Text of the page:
Avoiding arrest with an arrest warrant on file would certainly prove to be a difficult life, and not recommended. The police can make an arrest at your home or work, so you will always be looking over your shoulder. Police records show that the majority of individuals with an arrest warrant against them are arrested on a minor traffic stop. An arrest warrant never goes away, and the police will eventually catch up with you.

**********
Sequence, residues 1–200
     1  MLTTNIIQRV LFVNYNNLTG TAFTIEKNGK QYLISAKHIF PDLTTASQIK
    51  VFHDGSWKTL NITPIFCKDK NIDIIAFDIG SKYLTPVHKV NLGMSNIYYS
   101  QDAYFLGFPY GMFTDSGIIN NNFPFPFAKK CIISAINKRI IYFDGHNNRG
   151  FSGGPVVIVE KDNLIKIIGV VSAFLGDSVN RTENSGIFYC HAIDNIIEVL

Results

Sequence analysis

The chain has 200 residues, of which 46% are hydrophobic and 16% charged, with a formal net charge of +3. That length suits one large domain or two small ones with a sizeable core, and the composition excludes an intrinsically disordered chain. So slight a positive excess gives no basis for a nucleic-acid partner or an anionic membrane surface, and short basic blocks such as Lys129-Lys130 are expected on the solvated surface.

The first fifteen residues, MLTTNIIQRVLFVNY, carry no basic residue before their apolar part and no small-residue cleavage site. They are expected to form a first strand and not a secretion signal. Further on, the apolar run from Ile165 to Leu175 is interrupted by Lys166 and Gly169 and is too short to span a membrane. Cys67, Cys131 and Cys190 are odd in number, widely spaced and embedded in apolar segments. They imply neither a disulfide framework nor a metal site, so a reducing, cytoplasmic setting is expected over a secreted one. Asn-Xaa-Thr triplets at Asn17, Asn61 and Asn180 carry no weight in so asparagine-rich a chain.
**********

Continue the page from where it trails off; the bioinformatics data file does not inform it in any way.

When Does A Warrant Expire?

The only type of warrant that has an expiration date is a search warrant. Arrest warrants and bench warrants will only expire upon the death of the convict or a court appearance (usually due to an arrest). These types of warrants do not have any statute of limitations and have no expiration date.


General Information from wikipedia: